Marine Antifouling

SeaLite Engineering, Inc., is a 34 year-old R&D company that has focused on new ways of oceanographic sensing that minimize the ocean’s natural and aggressive tendency to foul instrumentation. Long deployments of sensors and instruments and the use of autonomous underwater vehicles (AUVs) have increased the importance of protection from fouling, now often the limiting factor in deployment durations.

SeaLite’s Chlorine Microshield has been developed to provide that protection.

Figure 1. Buzzards Bay estuary fouling of external instrument housing after 21 days in July.
Figure 2. Clam Bayou, Gulf of Mexica sensor fouling after 21 days in July.

The Technology
SeaLite has developed patented technology* for preventing the fouling shown above. It uses: 
(1) selective halogen electrolysis of seawater*, 
(2) density-driven boundary layer flow*, 
(3) early stage biofilm intervention*, 
(4) conformable, stable electrodes*.
(5) microshield driver electronics that provide a fixed cycle, are controllable
from on- board biofilm sensors or remotely*,
(6) unmeasurable toxic residue.

This technology has undergone extensive testing and at-sea deployments since 2015, first in a Buzzards Bay, Massachusetts estuary and, independently, in a University of South Florida station in a Gulf Coast Bayou. These both involved year-long deployments, and intercomparisons with other techniques of antifouling.

A prototype Chlorine Microshield was installed in the sensor guard of a YSI 5-sensor instrument (the EX01). This instrument was then deployed in Clam Bayou, Florida, in May 2015; the sensors are shown in figures 4, 5, and 6 after 2, 3 and 5 months. The thin, planar and formable electrodes have also been adapted to protect mooring lines and a transmissometer.

The improvements that the Chlorine Microshield provides over other antifouling methods are: durability over long deployments (> 1 year), low power consumption, large area and full-instrument protection.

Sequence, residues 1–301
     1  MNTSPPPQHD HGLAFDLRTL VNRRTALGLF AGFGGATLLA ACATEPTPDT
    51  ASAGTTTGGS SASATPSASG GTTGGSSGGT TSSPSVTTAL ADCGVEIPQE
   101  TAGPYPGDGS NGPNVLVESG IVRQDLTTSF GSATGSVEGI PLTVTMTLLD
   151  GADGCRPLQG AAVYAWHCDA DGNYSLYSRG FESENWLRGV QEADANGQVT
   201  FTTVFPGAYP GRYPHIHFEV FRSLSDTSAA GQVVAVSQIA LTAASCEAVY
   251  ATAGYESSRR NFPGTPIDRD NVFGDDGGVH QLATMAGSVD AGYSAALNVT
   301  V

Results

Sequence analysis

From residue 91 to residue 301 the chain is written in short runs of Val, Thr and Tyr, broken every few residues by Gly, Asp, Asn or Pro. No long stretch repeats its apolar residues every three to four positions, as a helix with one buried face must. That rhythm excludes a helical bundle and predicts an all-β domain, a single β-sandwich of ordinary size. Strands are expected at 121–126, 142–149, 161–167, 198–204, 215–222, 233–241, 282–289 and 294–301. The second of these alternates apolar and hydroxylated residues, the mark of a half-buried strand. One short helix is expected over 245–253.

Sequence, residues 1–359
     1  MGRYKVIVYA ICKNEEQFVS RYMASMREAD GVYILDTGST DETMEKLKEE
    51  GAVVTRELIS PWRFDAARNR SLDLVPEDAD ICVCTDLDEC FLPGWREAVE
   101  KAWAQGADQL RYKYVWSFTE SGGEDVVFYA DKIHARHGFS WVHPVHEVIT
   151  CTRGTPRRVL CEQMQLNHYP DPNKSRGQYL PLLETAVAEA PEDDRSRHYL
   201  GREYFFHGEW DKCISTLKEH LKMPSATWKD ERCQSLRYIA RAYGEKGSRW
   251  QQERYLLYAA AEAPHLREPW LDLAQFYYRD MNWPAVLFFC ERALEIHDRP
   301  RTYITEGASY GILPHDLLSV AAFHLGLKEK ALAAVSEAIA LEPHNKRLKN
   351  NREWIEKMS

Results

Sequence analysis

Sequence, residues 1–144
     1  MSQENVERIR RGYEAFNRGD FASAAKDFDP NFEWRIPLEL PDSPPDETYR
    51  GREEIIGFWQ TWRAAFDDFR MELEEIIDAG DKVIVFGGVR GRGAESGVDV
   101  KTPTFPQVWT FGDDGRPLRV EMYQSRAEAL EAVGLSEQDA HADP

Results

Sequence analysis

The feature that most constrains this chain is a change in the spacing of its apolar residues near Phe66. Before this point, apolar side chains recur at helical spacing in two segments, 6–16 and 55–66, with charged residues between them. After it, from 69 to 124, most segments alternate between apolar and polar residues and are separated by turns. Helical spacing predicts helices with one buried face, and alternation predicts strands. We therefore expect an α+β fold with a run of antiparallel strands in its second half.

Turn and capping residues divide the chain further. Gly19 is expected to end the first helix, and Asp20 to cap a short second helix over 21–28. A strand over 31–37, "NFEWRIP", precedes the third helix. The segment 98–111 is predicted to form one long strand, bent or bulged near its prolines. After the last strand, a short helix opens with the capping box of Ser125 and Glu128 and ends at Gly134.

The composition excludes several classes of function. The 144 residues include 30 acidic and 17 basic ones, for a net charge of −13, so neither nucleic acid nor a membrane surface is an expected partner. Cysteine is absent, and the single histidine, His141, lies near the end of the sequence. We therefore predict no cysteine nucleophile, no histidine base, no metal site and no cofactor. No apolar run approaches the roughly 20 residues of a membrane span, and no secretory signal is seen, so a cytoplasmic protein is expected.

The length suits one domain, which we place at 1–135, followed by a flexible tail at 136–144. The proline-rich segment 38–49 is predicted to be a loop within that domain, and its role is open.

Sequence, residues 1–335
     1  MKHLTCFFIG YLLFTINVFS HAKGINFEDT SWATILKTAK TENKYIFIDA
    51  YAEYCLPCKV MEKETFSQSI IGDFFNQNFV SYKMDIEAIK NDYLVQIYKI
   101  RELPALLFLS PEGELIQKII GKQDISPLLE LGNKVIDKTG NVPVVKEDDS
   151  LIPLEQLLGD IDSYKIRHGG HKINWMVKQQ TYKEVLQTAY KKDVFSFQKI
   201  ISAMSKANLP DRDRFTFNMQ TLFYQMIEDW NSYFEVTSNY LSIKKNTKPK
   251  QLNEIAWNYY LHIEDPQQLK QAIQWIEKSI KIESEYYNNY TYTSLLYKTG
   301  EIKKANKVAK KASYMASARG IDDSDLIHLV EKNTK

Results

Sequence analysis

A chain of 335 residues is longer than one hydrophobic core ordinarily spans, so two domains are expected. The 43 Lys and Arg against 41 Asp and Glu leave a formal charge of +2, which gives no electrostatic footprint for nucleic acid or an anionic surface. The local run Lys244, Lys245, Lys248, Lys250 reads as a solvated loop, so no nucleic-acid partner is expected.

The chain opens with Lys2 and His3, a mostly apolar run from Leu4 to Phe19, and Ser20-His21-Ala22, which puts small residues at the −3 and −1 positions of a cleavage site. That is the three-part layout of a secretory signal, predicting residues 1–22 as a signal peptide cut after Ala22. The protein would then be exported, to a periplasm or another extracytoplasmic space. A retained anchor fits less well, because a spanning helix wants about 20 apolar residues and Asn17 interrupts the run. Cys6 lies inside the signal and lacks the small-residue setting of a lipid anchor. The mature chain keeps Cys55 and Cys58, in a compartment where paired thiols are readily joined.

Chlorine Microshield Operation
The protection can be turned on locally, or remotely, to balance energy consumption with the level of protection needed in seasonal or variable fouling environments. To further save power, an on-board controller can set the frequency and duration of the electrolysis, for example, once-a-day for 10 minutes in northern latitudes and twice-a-day at a higher current in the tropics. Figure 3 provides a schematic and circuit diagram for both density-driven and forced convective boundary layer shields.

Figure 3. Chlorine Microshield schematic and electrical circuit for forced and natural boundary layer shield operation.

Experimental Results at-Sea

Figure 4. Chlorine Microshield YSI sensor protection after 2 months in Clam Bayou, Gulf of Mexico. This compares with Figure 2 of the same YSI sensors in Clam Bayou after only 21 days, but unprotected.
Figure 5. Chlorine Microshield YSI instrument protection after 3 months in Clam Bayou, Gulf of Mexico, one end protected, one not.
Figure 6. Chlorine Microshield instrument sensors protection at the bulkhead after 5 months in Clam Bayou, Florida.

Ongoing Development
To further conserve power, an internal fluorescent biofilm sensor system is being developed directed at the surface to be protected. It will turn on the electrolysis when the surface biofilm reaches the EPS growth point.

Custom Design: SeaLite Engineering offers custom configuration of electrodes to specific applications for customers who desire fouling protection for sensors, instrument housing and AUV control surfaces.

Sealite Engineering
508 564 4404,
19 Mystery Lane, Box 401
Cataumet, MA. 02534
*U.S. Patent No. 9,090,492 of June 19, 2015
*U.S. Patent No. 9,371,243 of June 21, 2016 
*U.S. Patent No. 10,407,323 of September 10, 2019 One U.S. Patents Pending.

Publications: Seaver, G. and D. Butler, 2021: Antifouling with Chloride Ion Electrolytic Recycling through a Momentum Boundary Layer. Journal of Atmospheric and Marine Technology, 38(10), October 2021, Vol. 38 (10).